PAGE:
Kiss or Kill: Confessions of a Serial Climber
About the Author
Mark Twight is one of America's leading alpinists. His gripping accounts have been published around the world,
Translated into five languages. Sports Illustrated, Outside Magazine, Rock & Ice (and a host of European magazines) have profiled him. Twight was the first to solo the "Czech Route" on Peak Communism, and fastest to solo "Slipstream," a three thousand-foot-high waterfall in the Canadian Rockies (in two hours and four minutes; most parties take twelve hours). He made the first ascent of "Deprivation" on Alaska's Mount Hunter, climbed five extremely difficult new routes in the French Alps, and made a non-stop, sixty-hour ascent of Mount McKinley's "Czech Direct" (the previous fastest party took seven days). Twight works as a technical advisor for Patagonia and distributes Grivel ice climbing gear in North America. He develops cold-weather clothing systems for the Department of Defense and teaches climbing and crisis nutrition to U.S. Special Forces operatives. Home is wherever his wife, Lisa, and an 85-pound Akita named Zuma happen to be, which is in Utah for now.
Twight is the author, with Jim Martin, of the award-winning book Extreme Alpinism: Climbing Light, Fast, and High.
About the Book
My summary: Twight compiles over a dozen stories published as articles over the years, restoring them to their pre-edit versions and adding an authors note providing some context and follow-up. A haunting series of stories, this book should make every mountaineer stop and think what it is that they are seeking in the mountains, what they are willing to risk.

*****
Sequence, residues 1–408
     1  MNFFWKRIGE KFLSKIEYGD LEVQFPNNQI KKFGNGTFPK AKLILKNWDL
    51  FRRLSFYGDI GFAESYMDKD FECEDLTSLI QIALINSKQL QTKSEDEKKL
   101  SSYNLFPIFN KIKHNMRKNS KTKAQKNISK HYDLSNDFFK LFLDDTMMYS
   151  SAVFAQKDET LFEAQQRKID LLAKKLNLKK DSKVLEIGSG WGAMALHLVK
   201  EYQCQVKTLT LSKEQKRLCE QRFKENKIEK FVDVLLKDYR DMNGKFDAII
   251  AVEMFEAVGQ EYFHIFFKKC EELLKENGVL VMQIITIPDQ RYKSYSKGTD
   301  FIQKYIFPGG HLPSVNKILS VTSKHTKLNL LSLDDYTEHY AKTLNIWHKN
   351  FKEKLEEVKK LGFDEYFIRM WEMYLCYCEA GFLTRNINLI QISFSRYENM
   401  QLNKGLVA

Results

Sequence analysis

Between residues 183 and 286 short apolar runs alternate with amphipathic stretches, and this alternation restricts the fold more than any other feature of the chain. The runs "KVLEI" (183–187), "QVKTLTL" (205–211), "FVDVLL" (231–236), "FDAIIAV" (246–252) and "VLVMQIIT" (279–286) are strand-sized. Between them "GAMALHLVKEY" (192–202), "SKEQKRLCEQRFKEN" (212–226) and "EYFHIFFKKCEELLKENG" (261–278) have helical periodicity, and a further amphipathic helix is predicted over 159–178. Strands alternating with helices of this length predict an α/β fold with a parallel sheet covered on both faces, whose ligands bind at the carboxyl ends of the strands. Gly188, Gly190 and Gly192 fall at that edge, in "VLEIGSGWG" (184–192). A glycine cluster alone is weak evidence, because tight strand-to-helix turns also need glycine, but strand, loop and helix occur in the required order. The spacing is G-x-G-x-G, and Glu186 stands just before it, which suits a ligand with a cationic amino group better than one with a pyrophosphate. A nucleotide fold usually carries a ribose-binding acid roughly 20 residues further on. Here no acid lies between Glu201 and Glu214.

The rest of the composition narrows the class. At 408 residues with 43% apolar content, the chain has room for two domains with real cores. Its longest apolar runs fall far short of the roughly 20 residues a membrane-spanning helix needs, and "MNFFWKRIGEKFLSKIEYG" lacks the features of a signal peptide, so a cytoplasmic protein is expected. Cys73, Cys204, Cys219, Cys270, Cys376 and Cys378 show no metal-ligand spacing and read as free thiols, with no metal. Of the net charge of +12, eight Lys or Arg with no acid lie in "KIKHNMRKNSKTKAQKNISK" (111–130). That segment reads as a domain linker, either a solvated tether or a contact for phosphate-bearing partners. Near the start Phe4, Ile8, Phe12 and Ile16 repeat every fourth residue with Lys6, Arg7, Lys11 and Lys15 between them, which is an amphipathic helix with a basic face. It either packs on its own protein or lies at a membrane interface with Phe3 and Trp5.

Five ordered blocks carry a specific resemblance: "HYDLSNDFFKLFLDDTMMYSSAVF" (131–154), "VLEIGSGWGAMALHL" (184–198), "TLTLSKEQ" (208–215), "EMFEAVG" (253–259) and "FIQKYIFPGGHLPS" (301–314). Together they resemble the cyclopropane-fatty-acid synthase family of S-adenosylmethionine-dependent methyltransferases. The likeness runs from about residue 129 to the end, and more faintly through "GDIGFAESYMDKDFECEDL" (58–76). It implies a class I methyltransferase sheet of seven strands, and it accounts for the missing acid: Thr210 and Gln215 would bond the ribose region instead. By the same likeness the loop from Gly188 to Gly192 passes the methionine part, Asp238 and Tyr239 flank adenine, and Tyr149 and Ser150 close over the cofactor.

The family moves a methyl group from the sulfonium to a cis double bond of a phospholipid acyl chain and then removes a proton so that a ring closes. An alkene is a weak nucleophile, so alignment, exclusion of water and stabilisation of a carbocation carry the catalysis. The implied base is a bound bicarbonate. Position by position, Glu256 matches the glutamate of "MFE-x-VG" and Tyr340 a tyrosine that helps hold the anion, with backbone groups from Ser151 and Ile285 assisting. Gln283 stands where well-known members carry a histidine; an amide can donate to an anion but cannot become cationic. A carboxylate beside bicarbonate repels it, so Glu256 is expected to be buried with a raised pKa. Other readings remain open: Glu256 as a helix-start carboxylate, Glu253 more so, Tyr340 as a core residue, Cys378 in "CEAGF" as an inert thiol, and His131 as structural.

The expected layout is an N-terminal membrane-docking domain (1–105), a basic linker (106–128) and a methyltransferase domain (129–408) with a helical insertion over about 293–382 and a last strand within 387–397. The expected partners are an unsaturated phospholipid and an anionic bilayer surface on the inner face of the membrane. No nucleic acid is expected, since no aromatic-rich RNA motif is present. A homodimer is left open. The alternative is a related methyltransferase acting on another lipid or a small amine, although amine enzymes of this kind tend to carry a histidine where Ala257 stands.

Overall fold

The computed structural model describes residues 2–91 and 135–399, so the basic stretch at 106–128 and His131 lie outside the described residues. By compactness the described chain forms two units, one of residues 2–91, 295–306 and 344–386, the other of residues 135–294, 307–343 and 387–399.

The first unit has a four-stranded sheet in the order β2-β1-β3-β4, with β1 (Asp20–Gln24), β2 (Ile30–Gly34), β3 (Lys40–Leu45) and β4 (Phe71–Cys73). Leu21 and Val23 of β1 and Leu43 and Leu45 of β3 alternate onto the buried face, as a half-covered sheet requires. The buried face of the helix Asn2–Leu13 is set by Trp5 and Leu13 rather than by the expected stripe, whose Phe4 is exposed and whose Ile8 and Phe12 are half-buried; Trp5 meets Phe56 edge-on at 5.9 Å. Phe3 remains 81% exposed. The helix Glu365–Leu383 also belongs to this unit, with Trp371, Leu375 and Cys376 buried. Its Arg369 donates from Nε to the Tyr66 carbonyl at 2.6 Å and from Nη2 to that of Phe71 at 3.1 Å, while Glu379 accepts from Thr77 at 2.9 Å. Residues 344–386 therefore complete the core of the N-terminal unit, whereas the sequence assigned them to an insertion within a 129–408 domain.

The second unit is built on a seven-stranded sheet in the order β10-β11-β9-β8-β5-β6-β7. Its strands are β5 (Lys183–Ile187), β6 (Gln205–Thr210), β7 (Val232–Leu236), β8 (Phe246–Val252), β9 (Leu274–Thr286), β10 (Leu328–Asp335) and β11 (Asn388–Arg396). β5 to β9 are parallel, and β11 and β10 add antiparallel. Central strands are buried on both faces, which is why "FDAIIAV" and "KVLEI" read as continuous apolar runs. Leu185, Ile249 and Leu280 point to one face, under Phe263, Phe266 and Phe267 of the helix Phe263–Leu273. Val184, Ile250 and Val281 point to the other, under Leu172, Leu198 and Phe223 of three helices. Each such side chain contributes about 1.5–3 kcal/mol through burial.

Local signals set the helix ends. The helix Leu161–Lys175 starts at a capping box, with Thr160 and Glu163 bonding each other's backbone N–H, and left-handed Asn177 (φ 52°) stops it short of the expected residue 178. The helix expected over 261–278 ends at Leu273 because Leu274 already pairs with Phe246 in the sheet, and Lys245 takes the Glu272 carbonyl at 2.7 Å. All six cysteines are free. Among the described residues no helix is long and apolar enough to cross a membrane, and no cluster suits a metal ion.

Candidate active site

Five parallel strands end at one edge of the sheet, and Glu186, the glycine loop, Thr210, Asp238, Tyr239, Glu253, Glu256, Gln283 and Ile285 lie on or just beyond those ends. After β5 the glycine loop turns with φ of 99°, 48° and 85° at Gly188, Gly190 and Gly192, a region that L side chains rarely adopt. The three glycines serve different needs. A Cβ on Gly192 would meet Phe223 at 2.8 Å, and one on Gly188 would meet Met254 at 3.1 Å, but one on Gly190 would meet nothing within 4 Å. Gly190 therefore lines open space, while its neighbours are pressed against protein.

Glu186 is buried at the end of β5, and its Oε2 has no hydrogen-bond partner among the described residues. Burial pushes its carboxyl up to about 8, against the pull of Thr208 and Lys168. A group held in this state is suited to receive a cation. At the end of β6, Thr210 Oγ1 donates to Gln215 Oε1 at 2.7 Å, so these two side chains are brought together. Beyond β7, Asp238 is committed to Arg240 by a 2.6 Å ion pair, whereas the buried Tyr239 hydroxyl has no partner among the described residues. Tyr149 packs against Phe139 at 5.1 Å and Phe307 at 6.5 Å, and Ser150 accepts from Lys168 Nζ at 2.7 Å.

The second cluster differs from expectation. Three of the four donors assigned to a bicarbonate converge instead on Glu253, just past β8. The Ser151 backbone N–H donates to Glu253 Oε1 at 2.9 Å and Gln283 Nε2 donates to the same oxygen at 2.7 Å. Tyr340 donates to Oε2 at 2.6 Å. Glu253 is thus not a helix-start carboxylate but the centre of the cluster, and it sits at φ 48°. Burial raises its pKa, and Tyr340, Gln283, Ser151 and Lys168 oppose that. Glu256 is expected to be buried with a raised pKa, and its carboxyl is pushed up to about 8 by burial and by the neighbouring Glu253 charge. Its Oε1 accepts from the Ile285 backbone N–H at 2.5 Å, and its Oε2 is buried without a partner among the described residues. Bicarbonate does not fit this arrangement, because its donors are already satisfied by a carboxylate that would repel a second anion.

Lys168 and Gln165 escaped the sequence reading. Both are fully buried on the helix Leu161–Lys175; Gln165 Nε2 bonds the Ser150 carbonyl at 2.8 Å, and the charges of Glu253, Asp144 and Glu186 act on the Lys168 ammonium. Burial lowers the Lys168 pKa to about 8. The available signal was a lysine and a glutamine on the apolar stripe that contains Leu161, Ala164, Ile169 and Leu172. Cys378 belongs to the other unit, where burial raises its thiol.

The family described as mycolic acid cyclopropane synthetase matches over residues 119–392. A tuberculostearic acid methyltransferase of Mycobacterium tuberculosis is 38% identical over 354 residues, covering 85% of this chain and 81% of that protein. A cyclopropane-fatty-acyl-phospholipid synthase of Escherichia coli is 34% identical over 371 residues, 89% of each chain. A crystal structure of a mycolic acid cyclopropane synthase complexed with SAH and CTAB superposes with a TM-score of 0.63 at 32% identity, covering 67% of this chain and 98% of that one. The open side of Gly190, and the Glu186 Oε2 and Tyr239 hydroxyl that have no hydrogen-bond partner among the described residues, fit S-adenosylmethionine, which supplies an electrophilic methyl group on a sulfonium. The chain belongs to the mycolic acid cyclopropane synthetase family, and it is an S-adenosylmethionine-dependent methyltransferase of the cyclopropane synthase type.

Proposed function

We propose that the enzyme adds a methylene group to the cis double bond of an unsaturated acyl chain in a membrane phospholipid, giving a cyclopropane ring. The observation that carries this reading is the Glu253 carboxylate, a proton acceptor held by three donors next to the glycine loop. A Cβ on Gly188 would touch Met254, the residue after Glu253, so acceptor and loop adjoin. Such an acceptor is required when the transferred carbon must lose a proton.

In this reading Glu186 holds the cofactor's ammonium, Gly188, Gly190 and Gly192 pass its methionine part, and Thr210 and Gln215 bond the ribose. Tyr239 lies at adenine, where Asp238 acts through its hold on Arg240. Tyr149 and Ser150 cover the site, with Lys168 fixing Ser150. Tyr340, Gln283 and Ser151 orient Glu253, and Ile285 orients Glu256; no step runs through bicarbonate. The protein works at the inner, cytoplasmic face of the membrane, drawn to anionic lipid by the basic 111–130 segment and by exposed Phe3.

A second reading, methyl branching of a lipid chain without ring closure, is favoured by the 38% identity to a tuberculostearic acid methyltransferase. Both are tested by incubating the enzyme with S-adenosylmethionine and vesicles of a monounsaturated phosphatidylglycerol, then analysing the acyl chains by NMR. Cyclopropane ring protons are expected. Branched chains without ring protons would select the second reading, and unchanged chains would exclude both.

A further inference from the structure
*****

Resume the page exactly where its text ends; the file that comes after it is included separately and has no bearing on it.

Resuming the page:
From Publishers Weekly
"From Chamonix to the Himalayas to Peak Communism in the Pamirs, extreme climbing has been Twight's response to "stupidity and mediocrity" and at times it is even "a tool to forestall suicide." Following Extreme Alpinism, this volume collects more than 12 years of Twight's extreme outdoor journalism for such magazines as Climbing, Outside and Men's Journal. Punk rock lyrics pepper these essays, providing context and form for his rage, cynicism and obsessive, masculine drive. Avalanches, rotten ice, the deaths of fellow climbers, the rescue of others, dwindling food supplies, lost tents at 18,000 feet Twight survives mortal dangers and tragedies, writing, "No matter what I did, the suffering I experienced did not satisfy me. I had to have more." Twight's in-your-face style is both his strength and his weakness fans of Henry Rollins or Charles Bukowski may find a sport nut analogue in Twight. Deeply personal, arrogant, grandiose, thrilling and unapologetic, this record of his 15-year career will gratify and repel extreme athletes, their admirers and their detractors. 40 b&w photos not seen by PW."